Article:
Cardiff Council has put forward budget proposals for consultation that could see an additional £10.4 million invested in schools and a further £7.2 million for Social Services.
The proposals are part of a report that was approved at a meeting of the local authority’s Cabinet today.
This comes after the Welsh Government announcement on Monday that Cardiff Council will receive a 4.1 percent increase in funding, under the terms of the provisional settlement for 2020/21.
The 4.1 percent Welsh Government funding increase for Cardiff represents an additional £18.5 million in cash terms, leaving the council with a budget shortfall of £9.478 million next financial year.
Cabinet member for Corporate Services and Performance, Cllr Chris Weaver, said: “The settlement from Welsh Government is better news than expected, but this does not mean austerity is over and there’s little doubt that some difficult decisions will still have to be made.
“Unfortunately, there are no indications of what Welsh Government settlements will look like in future years, so potentially, this is a one-off opportunity to reset our budget strategy to ensure it is fit for the future.
“While the 2020/21 provisional settlement from Welsh Government is more favourable than we bargained for, we still have to find £9.5m in savings to make up for the shortfall in the budget.
“Despite the positive funding increase from Welsh Government, we are still working our way through an incredibly challenging time financially. Our population continues to grow and demand for the services we deliver is on the rise, which means delivering the services our citizens expect gets harder every year.
“We have had to find over £200m in savings over the past ten years alone, which has meant we have had to make some pretty fundamental changes to the way we do business.
“I do believe people are beginning to understand the seriousness of the situation. We are stretched across the piece, but I want everyone to know council staff are working incredibly hard to deliver for citizens.”
In order to find the £9.478 million needed to make up the council’s budget shortfall, it is proposed that £5.373 million would come through efficiency savings, £2.205 million from income generation and £1.9 million from service change and the vast majority of these will be delivered with no front line impact on service users.
The savings proposals put out for public consultation are as follows:
- Increase registration fees for wedding ceremonies and civil partnerships at City Hall and other approved venues by up to £25;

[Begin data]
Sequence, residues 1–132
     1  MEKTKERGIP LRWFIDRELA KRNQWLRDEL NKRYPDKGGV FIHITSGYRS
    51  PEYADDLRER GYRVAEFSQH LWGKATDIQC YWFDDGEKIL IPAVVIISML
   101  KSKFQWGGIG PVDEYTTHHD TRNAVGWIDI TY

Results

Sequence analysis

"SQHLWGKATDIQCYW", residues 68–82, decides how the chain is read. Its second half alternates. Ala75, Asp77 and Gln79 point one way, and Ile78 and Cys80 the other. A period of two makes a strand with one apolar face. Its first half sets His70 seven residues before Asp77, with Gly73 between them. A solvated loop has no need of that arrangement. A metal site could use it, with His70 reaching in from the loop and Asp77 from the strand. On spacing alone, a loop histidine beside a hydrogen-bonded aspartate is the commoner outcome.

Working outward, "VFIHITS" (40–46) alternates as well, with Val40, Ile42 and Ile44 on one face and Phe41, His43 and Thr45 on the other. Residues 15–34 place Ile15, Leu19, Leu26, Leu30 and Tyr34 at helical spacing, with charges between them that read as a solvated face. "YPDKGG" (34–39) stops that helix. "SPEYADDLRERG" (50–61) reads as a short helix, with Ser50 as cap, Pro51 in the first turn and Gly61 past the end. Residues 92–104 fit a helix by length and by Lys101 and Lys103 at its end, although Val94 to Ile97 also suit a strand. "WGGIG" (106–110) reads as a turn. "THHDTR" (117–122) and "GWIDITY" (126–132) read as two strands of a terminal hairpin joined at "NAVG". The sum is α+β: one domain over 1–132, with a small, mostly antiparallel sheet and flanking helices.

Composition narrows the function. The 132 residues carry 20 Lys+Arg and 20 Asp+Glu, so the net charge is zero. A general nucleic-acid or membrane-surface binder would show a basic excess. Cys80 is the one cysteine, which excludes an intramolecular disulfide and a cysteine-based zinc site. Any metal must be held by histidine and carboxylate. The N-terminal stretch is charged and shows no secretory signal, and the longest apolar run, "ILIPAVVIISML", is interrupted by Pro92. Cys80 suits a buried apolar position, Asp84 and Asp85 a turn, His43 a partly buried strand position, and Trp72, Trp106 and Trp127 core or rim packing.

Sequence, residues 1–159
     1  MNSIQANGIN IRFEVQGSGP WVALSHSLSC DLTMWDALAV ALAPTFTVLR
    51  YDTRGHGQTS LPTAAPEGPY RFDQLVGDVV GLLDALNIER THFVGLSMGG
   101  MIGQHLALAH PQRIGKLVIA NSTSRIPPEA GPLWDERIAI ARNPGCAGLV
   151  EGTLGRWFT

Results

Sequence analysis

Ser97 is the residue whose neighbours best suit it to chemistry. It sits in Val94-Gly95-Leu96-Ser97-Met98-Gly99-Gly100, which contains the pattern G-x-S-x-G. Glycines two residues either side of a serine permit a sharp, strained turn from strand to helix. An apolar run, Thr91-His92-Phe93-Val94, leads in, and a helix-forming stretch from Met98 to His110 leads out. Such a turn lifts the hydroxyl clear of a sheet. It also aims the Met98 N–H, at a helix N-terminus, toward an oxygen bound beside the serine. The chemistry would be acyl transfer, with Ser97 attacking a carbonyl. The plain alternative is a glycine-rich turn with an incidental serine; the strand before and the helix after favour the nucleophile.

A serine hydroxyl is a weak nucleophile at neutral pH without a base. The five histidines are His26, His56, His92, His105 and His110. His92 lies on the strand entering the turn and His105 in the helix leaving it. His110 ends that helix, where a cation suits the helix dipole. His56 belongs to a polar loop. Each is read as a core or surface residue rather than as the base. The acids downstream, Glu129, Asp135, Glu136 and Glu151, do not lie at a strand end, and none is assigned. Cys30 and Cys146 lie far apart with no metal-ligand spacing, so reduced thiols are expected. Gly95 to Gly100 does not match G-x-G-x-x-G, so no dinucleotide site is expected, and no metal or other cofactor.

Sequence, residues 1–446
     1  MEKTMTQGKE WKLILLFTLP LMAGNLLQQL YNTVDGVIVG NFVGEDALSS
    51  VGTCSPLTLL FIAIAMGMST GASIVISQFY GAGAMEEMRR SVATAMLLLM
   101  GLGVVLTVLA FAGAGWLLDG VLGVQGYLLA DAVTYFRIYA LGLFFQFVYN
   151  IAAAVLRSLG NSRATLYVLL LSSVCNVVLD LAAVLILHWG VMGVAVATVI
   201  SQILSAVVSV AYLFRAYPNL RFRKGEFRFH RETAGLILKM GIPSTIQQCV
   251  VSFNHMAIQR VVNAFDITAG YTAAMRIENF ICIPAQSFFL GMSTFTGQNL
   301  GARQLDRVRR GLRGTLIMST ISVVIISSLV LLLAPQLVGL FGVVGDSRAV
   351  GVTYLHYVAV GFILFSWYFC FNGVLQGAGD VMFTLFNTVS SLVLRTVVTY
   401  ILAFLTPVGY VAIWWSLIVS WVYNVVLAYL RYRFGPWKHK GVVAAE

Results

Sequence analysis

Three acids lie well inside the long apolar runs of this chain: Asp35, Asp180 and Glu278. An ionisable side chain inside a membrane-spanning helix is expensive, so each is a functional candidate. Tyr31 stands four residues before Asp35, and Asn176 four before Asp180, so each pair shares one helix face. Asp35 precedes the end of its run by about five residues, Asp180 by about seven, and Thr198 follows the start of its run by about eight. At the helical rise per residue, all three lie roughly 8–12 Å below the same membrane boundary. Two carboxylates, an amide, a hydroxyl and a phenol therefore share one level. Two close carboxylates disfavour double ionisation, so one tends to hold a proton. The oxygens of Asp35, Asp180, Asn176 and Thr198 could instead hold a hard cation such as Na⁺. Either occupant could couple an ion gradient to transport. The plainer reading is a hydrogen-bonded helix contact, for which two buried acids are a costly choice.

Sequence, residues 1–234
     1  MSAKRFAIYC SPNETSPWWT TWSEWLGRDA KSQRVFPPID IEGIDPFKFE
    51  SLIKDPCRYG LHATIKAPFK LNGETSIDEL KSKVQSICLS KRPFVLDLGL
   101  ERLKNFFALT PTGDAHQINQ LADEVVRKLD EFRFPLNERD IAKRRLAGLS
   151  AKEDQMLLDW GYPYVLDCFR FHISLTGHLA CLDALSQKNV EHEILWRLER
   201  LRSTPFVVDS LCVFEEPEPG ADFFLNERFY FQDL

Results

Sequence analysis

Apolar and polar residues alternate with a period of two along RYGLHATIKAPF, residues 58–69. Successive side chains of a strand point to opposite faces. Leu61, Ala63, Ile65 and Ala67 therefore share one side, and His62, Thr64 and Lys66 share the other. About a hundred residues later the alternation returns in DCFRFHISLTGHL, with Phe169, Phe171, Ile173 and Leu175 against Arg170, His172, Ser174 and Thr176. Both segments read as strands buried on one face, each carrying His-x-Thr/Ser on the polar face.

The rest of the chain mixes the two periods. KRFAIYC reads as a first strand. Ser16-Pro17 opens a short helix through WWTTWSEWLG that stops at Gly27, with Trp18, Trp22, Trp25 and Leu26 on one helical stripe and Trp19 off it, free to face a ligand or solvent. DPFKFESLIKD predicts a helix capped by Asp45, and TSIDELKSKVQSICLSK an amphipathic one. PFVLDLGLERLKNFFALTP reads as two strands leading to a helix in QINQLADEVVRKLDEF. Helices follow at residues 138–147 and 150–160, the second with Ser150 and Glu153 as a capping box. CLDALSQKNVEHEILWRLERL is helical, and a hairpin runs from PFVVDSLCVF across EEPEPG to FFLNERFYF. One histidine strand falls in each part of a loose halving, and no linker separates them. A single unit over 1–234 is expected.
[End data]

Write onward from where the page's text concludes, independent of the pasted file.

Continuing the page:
- Increase cremation fees by £60 from £640 – £700, and burial fees by £50 from £760 – £810;
- Increase pest control fees by £5, from £50 – £55;
- Using technology as part of providing care and support packages
And we are also seeking views on other aspects of our strategy, including the treatment of schools and where Council services should be prioritised and / or protected.
Although a 4.5 percent increase in Council Tax (£1.05 per week on a Band D property) is also currently included in the proposals, this will be kept under review, with the final Council Tax proposal being put forward following the public consultation, which ends on January 31, 2020.
The consultation is open online, via , and residents are being urged to share their views.
Cllr Weaver, added: “It’s really important our residents take this opportunity to feed into the budget process. We have clear ideas about what we need to do but this six-week budget consultation will allow residents to tell us what really matters to them. We want to make the right decisions and we need to hear the public’s views.”
Hard copies of the consultation document will be available in all hubs, libraries and other key community buildings and the council will hold a number of face-to-face consultation events in hubs and libraries across the city throughout January.
In collaboration with friends and neighbours groups the local authority is trying to ensure that the consultation reaches seldom-heard groups in Cardiff. The council will also work with the 50+ forum, and young people in Cardiff through events at the city’s universities and colleges.